At least two Nutrivise team members were kept on by Jawbone after the acquisition, according to LinkedIn. Nutrivise CEO Laura Borel is now Jawbone’s Product Manager for Nutrition, while co-founder and VP of Product Tito Balsamo is now a User Experience Strategist at Jawbone.

Nutrivise had at least one funding raise, a $750,000 seed round in May 2012 which included an investment from EchoVC, as well as Angels Pejman Nozad, Zak Holdsworth, and Michael Paulus.

Jawbone’s acquisition of Nutrivise, a data-driven nutrition app, is in line with the company’s other acquisitions this year. In February, Jawbone acquired Massive Health, another bay area startup with a nutrition app. Massive’s app, The Eatery, was more social-focused, allowing users to take pictures of their food and crowdsource its relative nutritional value.

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From Pharmaceutical Industry digital vision

August 25, 2013

Mobile Technology Could Put Health In Hands of Patients

The health care gold rush is on as companies chase smarter home monitoring device technologies.

If health care is the new gold rush, then it’s no surprise Silicon Valley’s high-tech companies, entrepreneurs and recent MBAs hope to strike it rich on the heels of U.S. health care reform.

A growing number of today’s technological gold-seekers want to help patients manage chronic disease. Specifically, they are interested in home monitoring devices – wireless trackers that can send thousands of electrocardiogram (EKG) tracings, blood sugar levels or other bodily statistics directly to health care professionals.

While home monitoring devices may have a glittering future, some of today’s tech companies are chasing fool’s gold.

That’s because some promoters of home monitoring technology believe doctors will carefully scrutinize each EKG or blood sugar reading and use the information to tailor perfect regimens for their patients. This is nothow medicine works.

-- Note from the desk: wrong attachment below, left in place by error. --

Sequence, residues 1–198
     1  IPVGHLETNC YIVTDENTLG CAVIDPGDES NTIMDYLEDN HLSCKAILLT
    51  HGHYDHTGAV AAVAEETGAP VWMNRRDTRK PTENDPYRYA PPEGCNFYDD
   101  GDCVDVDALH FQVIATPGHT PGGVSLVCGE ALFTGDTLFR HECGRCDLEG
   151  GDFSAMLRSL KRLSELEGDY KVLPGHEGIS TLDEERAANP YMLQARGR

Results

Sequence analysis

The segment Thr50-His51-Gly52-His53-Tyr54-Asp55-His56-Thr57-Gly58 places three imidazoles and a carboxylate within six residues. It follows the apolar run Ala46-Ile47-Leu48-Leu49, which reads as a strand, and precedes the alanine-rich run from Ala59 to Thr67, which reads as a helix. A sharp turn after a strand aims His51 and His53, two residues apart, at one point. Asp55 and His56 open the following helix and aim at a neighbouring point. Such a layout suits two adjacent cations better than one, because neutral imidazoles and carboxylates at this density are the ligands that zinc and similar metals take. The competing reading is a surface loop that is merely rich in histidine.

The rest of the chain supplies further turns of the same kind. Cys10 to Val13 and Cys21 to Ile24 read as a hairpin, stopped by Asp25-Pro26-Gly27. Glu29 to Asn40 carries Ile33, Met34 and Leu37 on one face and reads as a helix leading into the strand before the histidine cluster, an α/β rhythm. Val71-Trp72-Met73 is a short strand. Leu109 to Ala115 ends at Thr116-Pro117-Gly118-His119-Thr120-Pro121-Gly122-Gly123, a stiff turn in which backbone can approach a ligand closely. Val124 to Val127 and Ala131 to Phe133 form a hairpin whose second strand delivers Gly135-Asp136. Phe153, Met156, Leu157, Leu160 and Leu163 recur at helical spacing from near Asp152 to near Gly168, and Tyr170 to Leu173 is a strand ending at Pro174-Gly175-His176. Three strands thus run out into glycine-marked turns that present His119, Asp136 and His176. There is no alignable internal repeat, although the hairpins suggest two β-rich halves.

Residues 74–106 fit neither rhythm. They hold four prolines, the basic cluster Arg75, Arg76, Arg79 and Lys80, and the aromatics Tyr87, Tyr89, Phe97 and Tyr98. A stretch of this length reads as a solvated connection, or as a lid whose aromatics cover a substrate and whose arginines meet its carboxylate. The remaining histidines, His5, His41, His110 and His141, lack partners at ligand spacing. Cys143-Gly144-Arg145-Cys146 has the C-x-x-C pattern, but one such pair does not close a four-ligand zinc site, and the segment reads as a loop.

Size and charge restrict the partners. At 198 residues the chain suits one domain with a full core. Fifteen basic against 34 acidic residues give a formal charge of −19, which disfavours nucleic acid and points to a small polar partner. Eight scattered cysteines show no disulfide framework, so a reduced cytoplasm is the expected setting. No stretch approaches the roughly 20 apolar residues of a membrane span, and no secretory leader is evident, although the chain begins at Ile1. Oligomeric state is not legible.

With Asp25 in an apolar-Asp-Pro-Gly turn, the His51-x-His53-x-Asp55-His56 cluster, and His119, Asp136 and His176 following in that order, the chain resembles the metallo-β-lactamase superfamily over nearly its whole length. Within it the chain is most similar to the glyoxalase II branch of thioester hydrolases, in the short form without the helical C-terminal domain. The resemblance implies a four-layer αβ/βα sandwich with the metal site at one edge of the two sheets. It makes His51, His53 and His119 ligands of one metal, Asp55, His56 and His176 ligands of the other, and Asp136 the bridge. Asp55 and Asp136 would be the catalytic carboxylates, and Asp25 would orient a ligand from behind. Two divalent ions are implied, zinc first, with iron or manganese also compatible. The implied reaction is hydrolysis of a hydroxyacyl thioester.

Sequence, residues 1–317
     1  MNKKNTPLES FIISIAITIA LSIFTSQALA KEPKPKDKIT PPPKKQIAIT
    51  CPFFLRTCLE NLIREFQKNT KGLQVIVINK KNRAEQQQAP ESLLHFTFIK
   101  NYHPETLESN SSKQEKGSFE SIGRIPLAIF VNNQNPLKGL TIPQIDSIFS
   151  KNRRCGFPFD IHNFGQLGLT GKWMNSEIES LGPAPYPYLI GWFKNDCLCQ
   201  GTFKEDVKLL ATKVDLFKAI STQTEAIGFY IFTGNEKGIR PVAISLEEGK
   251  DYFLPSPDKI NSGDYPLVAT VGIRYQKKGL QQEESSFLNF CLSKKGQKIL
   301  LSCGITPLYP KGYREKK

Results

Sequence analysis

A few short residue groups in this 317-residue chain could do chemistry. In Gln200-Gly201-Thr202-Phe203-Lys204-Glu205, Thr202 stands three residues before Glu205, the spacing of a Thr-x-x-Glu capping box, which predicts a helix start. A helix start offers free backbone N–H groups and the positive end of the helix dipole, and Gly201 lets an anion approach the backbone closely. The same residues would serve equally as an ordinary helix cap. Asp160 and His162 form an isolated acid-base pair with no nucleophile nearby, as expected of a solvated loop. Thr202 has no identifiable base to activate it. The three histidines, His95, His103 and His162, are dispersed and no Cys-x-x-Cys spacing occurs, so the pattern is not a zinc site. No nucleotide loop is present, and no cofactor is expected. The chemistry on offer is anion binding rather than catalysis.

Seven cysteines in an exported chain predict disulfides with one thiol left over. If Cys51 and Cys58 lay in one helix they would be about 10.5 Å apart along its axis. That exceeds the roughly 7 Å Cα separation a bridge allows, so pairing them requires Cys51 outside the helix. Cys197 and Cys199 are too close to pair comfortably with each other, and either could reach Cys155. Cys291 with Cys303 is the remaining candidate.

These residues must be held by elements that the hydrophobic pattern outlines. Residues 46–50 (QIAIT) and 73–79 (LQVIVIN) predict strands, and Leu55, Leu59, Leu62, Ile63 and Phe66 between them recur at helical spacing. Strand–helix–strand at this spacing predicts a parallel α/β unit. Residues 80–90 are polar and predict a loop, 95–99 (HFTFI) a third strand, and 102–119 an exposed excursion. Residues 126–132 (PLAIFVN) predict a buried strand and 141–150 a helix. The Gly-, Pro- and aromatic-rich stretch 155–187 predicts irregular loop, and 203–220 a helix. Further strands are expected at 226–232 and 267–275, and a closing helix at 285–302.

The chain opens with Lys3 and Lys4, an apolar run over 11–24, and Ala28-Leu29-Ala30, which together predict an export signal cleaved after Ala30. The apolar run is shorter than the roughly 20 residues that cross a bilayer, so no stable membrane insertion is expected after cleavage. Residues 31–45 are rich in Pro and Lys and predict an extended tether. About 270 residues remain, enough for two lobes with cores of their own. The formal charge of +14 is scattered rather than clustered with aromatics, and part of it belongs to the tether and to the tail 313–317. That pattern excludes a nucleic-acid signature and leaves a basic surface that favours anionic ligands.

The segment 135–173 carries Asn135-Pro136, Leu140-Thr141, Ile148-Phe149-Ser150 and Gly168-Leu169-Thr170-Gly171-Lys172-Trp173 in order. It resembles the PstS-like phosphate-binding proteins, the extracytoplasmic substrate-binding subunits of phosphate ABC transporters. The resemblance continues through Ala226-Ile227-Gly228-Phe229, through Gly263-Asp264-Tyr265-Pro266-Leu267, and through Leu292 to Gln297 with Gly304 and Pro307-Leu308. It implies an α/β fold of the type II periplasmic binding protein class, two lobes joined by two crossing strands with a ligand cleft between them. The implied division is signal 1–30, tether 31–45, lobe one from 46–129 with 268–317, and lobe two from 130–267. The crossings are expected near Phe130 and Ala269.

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From Pharmaceutical Industry digital vision

August 25, 2013

Nike+ now has over 18m members tracking their exercise with a FuelBand, SportWatch or fitness app


Nike casually let slip today that Nike+, its online platform for tracking personal exercise logged with a FuelBand, SportWatch or Nike+ fitness app, now has over 18 million members …

Nike+ now has over 18m members tracking their exercise with a FuelBand, SportWatch or fitness app

Nike casually let slip today that Nike+, its online platform for tracking personal exercise logged with a FuelBand, SportWatch or Nike+ fitness app, now has over 18 million members worldwide.

Activity is quantified as NikeFuel, a somewhat ambiguous metric that allows fitness enthusiasts to compare their performance and daily routines across multiple disciplines. There’s still no Nike FuelBand app for Android though – the company has admitted that it’s not in development at the moment – which has only added to the popularity of other fitness wearables such as Fitbit, UP by Jawbone and Withings Pulse.

Nevertheless, 18 million is still a sizeable userbase for a firm that is a sportswear brand first, technology company second. Nike continues to develop and update the Nike+ platform – challenges were recently added to the Nike+ Running appfor iOS – but it’ll be interesting to see whether it releases a new FuelBand to combat the approaching wave of smartwatches.

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From Pharmaceutical Industry digital vision